Inmate violations at halfway houses

This article, previously published on Oklahoma Watch, discusses inmate violations at two of Oklahoma’s halfway houses, citing issues including the admittance qualifications and staff oversights. With issues like this prevalent across the country, there is a definite need for a change in the way the justice system responds to criminal offenders.

Questions of oversight: inmate violations at halfway houses
by Clifton Adcock

Serious violations by inmates plagued Oklahoma’s two largest halfway houses for three years before the state took action in January by removing all inmates from one and later demanding a corrective plan at the other.

State data analyzed by Oklahoma Watchshow that from 2010 to 2013, the rates of serious “misconducts” by male offenders quadrupled at the Avalon Correctional Center in Tulsa, run by a for-profit company, Avalon Correctional Services Inc. After a video of an alleged guard-sanctioned fight there came to light in January, the Department of Corrections pulled out all 212 inmates.

Ten months later, more than 200 inmates again are in the facility.

Violations also spiked at the Carver Transitional Center in Oklahoma City, also operated by Avalon. The rate of serious misconducts nearly tripled from 2010 to 2012 before slipping last year. In March, the corrections department gave surprise random drug tests to 153 Carver inmates, and more than half tested positive. The state ordered an action plan to fix the problem, and since has added offenders to the facility.

A prison watchdog group, OK-CURE, questions whether the state Department of Corrections should place so many inmates in Avalon-run facilities given the history of oversight problems. Avalon Correctional Services, based in Oklahoma City, now houses more inmates in its two male halfway houses than it did two years ago, when serious violations were climbing.

Corrections Director Robert Patton said Avalon has taken steps to address concerns of oversight at Avalon Tulsa and is paying for a corrections department monitor to stay at the facility. The department also is monitoring the Carver facility, corrections officials said.

Preliminary data show that in recent months serious violations by inmates have dropped at the Carver and Avalon Tulsa halfway houses.

A big reason the state wants to reduce violations, such as drug use, at halfway houses is because the rise in serious misconducts has hampered the state’s ability to shift more inmates from overcrowded prisons to halfway houses, Board of Corrections minutes show. Inmates with egregious violations are usually moved back to higher security levels, taking up beds that might be filled by other inmates eligible to be gradually moved down into halfway houses.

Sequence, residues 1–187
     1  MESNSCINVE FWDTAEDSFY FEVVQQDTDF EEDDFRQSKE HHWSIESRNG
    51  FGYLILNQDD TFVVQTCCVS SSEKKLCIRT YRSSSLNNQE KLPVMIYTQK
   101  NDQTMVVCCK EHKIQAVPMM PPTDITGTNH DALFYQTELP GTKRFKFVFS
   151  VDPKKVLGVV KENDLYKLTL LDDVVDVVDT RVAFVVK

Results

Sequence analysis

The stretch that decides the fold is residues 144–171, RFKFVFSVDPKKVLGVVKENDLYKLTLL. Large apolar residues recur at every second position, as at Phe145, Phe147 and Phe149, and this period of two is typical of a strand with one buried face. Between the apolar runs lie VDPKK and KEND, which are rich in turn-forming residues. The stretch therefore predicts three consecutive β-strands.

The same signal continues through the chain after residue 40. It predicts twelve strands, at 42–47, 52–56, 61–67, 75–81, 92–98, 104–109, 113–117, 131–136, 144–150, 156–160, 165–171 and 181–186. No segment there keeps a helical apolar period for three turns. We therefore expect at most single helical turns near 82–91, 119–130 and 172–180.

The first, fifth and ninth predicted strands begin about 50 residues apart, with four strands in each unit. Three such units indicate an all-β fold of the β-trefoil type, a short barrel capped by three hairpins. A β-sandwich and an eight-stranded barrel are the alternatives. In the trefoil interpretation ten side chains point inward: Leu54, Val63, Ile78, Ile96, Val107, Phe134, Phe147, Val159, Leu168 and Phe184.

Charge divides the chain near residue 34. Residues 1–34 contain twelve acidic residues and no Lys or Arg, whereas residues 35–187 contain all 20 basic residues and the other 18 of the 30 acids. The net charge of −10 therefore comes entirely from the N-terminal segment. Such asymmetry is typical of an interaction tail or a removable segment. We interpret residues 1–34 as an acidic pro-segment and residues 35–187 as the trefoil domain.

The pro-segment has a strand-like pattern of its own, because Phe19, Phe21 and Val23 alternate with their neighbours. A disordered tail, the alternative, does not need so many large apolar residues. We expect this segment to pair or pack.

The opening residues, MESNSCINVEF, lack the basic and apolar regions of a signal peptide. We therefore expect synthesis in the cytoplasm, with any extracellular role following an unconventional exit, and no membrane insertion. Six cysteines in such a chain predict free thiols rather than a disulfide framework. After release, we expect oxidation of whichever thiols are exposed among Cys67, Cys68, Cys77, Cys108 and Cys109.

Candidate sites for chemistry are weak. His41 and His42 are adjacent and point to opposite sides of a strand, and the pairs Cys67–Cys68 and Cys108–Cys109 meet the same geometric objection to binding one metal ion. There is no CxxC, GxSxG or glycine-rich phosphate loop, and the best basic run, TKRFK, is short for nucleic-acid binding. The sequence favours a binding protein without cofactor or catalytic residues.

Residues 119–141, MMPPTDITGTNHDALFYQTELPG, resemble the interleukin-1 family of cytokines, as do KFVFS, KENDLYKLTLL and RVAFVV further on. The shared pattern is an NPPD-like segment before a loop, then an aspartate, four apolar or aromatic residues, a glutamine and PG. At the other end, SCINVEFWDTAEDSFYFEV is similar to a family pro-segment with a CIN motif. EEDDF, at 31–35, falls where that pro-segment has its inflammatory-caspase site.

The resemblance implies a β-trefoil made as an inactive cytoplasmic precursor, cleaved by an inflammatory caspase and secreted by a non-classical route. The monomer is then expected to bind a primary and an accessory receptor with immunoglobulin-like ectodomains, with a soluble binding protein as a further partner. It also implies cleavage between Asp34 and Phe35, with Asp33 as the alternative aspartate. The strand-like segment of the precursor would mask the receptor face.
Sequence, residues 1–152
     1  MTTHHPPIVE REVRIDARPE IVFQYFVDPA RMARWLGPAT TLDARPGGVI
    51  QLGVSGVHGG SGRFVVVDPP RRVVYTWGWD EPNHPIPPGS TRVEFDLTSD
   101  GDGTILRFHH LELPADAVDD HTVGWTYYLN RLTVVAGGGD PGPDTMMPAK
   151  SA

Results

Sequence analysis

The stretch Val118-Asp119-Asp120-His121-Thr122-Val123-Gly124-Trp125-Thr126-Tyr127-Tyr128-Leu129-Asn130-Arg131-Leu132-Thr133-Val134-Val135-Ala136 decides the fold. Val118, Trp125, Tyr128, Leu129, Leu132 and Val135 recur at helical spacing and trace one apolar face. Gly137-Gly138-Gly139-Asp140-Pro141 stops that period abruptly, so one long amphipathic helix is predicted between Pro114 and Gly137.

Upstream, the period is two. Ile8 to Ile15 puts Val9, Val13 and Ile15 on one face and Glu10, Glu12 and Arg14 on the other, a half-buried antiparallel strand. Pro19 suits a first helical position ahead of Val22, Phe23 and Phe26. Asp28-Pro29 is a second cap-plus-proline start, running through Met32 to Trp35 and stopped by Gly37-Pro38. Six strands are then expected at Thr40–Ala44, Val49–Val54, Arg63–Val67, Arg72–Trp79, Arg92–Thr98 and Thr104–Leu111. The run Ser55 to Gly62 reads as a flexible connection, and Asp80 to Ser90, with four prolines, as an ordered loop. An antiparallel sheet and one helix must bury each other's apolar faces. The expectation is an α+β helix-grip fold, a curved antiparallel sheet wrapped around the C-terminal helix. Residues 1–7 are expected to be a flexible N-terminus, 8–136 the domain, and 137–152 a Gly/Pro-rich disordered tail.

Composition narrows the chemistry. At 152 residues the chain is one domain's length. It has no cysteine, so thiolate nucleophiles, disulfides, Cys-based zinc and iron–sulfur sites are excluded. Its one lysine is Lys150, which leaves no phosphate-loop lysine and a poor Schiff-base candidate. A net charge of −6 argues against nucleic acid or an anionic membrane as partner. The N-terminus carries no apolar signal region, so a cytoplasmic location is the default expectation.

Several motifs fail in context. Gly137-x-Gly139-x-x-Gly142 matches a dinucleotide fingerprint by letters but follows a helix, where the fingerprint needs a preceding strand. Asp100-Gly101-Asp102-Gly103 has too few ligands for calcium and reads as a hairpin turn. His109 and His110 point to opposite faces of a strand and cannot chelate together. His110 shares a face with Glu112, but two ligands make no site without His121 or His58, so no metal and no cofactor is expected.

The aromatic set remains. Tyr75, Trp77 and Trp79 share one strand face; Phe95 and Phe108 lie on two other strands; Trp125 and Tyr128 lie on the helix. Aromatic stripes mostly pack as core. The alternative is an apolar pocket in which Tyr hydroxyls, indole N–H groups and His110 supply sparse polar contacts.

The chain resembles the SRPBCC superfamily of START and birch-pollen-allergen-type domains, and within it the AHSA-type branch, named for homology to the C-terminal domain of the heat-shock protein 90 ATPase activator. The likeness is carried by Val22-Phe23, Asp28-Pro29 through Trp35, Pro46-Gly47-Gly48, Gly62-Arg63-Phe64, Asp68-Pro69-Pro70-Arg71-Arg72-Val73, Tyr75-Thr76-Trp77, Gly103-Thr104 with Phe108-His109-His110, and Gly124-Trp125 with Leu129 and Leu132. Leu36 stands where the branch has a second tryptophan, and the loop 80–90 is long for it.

To ease the problem, the state earlier his year revised its policies to expand the pool of offenders eligible for placement in halfway houses.

A Surge in Violations

The goal of halfway houses is to help nonviolent offenders near the end of their sentences find a job and prepare for life outside of prison walls.

Oklahoma has eight male halfway houses holding about 1,050 inmates. Avalon operates the two largest facilities in addition to running the largest female halfway house, located in Turley. (Lawsuits filed earlier this year allege problems there, including a failure to report sexual abuse.)

Inmates live at the facilities and can leave for a job or to find work or attend church; halfway house staff members are supposed to track their whereabouts. Drug tests are also given to the inmates.

When halfway house inmates violate rules or laws, they are subject to discipline. They can be removed and returned to a higher-security facility and, until recently, were ineligible for halfway-house placement again for at least a year.

With serious violations, called “Class X Misconducts,” offenders are almost always removed and rarely, if ever, returned to a halfway house, corrections officials said. Examples of Class-X violations are escape, possession of drugs or a weapon, and assault of staff members.

In 2011, serious violations began to rise sharply, driven largely by increased numbers and rates of violations at Carver and Avalon Tulsa. Many of the violations were possession of an unauthorized substance and escape. From 2010 to 2013, the annual number of egregious misconducts at Avalon Tulsa more than doubled, to 48; the rate, meaning the number of violations per 100 placements, quadrupled, analysis of data shows. At Carver, the number of Class-X violations more than doubled in 2011, to 49, and the rate more than doubled; the rate and numbers at Carver dropped in 2013.

Empty Beds